Never underestimate the power of good manners

From the Sunday, January 8, 2012 New York Times magazine article “How Many Stephen Colberts Are There?

Colbert, who is good at compartmentalization, manages in spite of this exhausting schedule to make time for his family. For some of the writers, the job is more all-consuming. One of them, Opus Moreschi, told me that he solves the problem of how to balance the job and a life by forgoing the life. “Basically, I’ve never had a life except for comedy, so it isn’t that much of a problem,” he said. Yet for all the demands that Colbert puts on his staff members, he is apparently beloved by them. “There are a lot of unhappy people in comedy,” Purcell said, “and sometimes you get a very radioactive vibe. But Stephen has an excellent way of treating people. You should never underestimate the power of good manners.”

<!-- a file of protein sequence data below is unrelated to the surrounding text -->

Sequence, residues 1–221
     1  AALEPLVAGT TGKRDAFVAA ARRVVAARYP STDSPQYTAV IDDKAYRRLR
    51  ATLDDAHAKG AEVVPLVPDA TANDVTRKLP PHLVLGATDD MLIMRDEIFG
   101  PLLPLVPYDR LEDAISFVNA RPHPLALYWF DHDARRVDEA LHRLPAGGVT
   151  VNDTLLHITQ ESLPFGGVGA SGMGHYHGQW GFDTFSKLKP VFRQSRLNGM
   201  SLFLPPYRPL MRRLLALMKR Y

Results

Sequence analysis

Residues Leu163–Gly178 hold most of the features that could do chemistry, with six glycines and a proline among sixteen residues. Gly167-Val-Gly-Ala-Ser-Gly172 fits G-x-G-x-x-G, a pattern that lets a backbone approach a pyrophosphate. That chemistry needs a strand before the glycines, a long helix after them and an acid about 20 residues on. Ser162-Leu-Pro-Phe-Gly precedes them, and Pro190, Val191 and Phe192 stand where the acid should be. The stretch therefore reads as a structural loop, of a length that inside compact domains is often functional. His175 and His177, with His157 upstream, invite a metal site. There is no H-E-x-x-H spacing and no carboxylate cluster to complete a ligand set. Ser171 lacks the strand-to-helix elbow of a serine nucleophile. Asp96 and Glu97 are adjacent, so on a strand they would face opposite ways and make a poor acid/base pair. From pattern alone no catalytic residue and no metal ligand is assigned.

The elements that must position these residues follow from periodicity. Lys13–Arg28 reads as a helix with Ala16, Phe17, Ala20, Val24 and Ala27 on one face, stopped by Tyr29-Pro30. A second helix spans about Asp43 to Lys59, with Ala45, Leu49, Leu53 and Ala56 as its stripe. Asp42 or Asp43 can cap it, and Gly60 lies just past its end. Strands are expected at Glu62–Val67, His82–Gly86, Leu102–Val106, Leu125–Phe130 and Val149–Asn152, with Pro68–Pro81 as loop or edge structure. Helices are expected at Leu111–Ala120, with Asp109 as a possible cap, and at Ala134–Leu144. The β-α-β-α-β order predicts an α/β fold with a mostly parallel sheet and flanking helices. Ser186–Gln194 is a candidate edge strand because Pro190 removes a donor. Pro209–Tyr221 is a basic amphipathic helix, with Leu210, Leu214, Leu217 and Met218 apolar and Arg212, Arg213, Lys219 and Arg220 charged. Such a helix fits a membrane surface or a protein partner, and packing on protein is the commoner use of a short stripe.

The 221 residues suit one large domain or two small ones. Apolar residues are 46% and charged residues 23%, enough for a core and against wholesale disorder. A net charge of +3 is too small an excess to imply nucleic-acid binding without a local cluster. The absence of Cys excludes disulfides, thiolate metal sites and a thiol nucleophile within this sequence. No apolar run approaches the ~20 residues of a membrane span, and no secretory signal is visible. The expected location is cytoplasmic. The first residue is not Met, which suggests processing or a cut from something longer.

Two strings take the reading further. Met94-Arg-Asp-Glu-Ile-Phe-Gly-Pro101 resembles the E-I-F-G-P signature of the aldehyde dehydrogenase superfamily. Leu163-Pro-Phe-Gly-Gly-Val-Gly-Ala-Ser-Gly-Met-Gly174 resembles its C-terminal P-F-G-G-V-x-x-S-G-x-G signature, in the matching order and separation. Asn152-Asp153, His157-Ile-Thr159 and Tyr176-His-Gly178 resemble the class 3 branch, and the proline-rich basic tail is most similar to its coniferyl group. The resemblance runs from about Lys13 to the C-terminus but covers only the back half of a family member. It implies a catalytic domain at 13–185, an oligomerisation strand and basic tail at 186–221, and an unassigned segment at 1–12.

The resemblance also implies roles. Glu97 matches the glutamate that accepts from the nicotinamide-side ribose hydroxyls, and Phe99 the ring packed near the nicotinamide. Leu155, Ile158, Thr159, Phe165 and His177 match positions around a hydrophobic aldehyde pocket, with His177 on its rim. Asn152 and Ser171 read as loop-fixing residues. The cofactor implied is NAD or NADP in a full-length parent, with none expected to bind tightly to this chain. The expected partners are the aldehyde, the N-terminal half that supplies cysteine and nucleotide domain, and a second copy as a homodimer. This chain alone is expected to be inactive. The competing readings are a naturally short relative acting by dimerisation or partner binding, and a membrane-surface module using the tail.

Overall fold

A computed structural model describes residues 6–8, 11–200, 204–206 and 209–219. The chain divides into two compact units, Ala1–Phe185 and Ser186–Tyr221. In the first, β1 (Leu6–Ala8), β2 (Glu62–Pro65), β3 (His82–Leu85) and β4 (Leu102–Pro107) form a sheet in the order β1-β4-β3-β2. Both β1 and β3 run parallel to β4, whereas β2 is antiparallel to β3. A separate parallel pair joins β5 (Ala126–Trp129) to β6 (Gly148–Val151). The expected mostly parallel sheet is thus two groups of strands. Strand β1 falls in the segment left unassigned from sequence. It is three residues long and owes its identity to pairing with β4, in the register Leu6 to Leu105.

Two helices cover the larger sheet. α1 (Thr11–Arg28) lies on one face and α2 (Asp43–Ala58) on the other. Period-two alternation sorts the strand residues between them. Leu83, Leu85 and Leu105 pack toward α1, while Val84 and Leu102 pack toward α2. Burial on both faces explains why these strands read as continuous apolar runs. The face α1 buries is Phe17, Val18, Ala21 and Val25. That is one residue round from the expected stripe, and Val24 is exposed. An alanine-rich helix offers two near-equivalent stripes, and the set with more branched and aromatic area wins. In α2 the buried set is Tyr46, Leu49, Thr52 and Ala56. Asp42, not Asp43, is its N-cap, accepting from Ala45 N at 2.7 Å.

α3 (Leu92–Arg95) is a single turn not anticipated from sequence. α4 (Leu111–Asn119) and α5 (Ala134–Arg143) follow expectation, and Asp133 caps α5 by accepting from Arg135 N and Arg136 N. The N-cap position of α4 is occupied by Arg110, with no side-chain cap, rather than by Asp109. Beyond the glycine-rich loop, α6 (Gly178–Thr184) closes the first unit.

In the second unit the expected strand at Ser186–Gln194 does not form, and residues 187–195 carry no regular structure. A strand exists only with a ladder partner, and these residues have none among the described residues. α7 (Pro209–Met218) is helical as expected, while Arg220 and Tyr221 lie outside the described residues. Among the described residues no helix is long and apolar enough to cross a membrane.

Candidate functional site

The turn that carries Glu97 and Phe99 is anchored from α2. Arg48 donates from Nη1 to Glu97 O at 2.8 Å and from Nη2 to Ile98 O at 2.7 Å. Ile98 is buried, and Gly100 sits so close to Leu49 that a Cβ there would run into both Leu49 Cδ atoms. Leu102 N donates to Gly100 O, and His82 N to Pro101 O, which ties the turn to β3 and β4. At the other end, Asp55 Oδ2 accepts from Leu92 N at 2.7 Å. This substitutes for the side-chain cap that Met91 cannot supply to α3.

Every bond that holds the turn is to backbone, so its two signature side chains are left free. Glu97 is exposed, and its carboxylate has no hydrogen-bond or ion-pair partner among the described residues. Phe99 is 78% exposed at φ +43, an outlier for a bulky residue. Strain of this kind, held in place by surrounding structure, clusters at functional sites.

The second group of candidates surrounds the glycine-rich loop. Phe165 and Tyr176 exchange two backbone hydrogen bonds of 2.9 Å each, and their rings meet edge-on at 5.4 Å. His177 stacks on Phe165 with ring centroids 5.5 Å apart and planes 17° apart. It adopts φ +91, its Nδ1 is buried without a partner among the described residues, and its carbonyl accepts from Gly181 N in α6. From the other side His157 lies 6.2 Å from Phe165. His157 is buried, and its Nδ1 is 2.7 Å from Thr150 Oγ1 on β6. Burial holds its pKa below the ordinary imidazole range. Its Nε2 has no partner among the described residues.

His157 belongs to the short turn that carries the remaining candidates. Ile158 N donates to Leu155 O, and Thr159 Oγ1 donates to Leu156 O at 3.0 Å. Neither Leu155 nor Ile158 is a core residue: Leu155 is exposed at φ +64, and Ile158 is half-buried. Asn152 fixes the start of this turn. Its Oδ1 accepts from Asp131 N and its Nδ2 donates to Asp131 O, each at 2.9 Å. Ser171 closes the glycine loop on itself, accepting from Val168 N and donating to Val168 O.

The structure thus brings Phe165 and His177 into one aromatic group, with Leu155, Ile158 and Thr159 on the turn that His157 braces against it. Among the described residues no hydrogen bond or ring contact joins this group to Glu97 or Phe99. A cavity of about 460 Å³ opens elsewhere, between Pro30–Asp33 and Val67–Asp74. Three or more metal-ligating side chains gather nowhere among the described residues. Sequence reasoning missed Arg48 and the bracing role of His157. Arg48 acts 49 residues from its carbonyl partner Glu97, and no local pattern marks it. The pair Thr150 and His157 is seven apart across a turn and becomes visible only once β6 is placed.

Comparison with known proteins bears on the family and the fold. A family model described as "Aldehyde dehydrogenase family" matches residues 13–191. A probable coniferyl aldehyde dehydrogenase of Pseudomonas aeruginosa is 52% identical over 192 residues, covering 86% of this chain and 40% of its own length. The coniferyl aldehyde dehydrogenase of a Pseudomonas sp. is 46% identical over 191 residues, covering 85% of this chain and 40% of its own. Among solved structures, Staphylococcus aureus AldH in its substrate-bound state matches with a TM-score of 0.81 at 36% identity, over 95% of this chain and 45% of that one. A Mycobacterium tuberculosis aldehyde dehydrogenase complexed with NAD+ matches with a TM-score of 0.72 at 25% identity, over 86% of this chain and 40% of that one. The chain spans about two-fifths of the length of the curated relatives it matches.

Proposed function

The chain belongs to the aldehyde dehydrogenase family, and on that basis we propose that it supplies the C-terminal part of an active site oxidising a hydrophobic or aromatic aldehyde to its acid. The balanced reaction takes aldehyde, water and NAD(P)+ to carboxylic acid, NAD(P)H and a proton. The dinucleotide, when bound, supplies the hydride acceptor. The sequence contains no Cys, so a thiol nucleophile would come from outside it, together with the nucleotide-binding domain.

On a related front, I was at the meat counter at my local Whole Foods, trying to get the butchers to make a batch of ground chicken necks for me (dog food for Frankie), and sometimes they don’t really want to do this because I guess it’s a pain in the ass for them, but I made my pitch and ended it with “Please.” At that the butcher looked up at me and smiled. “In that case…” he said. “Doesn’t everyone say ‘please’ when they want something from you.” By his look, he said “no.” Which I found dispiriting. Really? People don’t say, “Could I get a pound of ground turkey, please?” Apparently not. Channel Nancy Reagan’s war on drugs motto and “Just say please.” Didn’t your mother teach you to always say “please”?

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